Interestingly, Rowling does not approach the subject from a stark “pure-bloods are the bad guys” angle. The temptation to do so for simplicity’s sake is there, but instead, she chooses to be more flexible. The introduction of Arthur Weasley, Ron’s father, is incredibly welcome. He provides the series with a much needed counterpoint to the menacing Lucius. Fun, funny, good-hearted, and absolutely adoring of all things Muggle-related, Arthur and his family are also pure-bloods. Their dismissal of this fact is an incredibly strong point. They simply don’t buy into the concept that anyone is better than anyone else due to the nature of their birth.

The book’s examination of acceptance of other cultures and races goes far beyond that pair of characters and what they stand for. Nearly every aspect of the story touches on the concept that being different is not only okay, but a thing to be celebrated. Rowling introduces an entirely new magical race in house elves, a type of small magical being that has been enslaved by wizards for ages. Harry meets Dobby, an odd little elf who struggles against his orders (at great personal cost) to do whatever he can to protect Harry from harm at the school. Harry and his friends attend a “deathday party” for one of the ghosts that inhabits the castle, where they learn about the morbid culture of the disembodied spirits. They meet an intelligent, giant spider name Aragog, who was accepted and protected by Hagrid, despite his monstrous nature. Around every bend is a new lesson about accepting people for who they are and who they choose to be, rather than who we want them to be.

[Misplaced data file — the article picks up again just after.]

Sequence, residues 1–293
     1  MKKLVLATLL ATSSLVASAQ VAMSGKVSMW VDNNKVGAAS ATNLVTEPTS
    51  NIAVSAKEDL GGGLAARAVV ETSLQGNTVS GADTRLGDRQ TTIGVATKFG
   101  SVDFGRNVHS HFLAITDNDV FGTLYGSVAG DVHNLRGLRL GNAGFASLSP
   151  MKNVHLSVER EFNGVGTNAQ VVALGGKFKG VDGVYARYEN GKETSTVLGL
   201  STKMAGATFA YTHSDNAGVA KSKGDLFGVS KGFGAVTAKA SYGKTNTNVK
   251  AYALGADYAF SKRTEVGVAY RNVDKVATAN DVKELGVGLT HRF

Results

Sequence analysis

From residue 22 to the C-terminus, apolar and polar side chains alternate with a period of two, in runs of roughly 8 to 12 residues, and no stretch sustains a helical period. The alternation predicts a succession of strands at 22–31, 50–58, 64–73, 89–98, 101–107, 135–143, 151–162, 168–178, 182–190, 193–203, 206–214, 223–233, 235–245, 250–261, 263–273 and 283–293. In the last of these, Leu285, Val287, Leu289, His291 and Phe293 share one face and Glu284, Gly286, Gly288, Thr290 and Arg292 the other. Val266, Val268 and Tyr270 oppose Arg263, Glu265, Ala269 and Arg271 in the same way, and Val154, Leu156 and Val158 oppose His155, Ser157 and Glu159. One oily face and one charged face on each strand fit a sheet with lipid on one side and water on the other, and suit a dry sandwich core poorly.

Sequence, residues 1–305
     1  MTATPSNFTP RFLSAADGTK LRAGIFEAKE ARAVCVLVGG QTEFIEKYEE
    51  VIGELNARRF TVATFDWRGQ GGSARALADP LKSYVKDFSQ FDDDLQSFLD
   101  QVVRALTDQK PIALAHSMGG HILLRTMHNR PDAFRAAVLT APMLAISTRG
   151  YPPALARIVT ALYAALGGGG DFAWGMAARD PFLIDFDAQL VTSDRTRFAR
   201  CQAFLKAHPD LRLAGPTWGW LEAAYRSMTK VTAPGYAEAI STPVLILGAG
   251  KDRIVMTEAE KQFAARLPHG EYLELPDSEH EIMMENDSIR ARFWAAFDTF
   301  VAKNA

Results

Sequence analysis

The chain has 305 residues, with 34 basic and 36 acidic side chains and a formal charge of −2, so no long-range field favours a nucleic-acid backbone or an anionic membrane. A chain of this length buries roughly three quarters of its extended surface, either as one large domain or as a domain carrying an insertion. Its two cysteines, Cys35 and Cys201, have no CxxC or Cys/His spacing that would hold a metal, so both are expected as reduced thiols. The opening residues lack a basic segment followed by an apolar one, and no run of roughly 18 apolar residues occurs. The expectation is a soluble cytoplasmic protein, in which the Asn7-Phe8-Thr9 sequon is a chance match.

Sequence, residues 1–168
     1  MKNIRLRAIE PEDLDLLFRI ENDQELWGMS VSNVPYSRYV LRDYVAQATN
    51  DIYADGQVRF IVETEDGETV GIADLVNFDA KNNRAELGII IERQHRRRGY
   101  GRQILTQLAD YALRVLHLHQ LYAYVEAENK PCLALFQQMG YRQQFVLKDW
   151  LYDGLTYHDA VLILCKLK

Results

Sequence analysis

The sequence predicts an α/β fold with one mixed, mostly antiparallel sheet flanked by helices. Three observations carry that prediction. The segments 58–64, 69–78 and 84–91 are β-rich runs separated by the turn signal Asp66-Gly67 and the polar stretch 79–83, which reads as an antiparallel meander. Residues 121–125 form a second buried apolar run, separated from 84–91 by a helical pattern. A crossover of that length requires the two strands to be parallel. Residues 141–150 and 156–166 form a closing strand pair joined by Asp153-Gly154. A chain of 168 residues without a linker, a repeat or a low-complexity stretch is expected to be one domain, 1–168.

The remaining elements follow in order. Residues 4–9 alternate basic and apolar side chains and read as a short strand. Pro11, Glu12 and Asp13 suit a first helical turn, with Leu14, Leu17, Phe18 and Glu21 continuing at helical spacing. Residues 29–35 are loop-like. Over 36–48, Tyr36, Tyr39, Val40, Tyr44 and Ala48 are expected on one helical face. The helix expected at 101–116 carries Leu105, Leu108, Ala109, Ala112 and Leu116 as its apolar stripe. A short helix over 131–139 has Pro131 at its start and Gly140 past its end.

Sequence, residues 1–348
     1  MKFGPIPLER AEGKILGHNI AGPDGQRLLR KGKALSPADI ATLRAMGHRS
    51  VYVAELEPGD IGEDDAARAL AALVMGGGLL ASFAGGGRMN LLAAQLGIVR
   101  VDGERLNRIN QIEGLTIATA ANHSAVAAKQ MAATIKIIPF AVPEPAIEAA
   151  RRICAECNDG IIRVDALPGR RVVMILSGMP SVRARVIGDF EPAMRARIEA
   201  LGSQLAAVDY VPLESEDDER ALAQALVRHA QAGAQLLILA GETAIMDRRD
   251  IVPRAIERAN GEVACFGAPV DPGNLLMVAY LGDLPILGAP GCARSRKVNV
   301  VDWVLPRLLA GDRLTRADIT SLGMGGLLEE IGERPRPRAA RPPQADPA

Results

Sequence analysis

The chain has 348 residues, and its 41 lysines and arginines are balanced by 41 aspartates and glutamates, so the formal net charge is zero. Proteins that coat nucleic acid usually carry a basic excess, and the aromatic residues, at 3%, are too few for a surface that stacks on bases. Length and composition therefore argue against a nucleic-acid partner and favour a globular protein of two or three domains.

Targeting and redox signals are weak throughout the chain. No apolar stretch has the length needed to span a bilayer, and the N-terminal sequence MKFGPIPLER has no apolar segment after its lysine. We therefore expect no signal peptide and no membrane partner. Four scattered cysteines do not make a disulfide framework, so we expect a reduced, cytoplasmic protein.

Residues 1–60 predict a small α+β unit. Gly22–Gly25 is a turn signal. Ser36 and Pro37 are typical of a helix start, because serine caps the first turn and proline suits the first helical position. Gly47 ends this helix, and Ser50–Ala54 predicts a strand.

On a personal note, this book also introduces my favorite character in the entire series, one Gilderoy Lockhart, the new Defense Against the Dark Arts teacher. Good looking, famous, and wildly successful, Lockhart holds the hearts and eyes of many in the palms of his well manicured hands. Known the world over for his great deeds and heroics, he takes to the job with a great gusto… where it is immediately clear that he’s a buffoon with no real skills whatsoever. The man is a smarmy braggart in the extreme, and I find him ENDLESSLY entertaining. I could read about his particular brand of idiocy for hours on end. He lends levity to a book that is a step forward in maturity from the previous entry.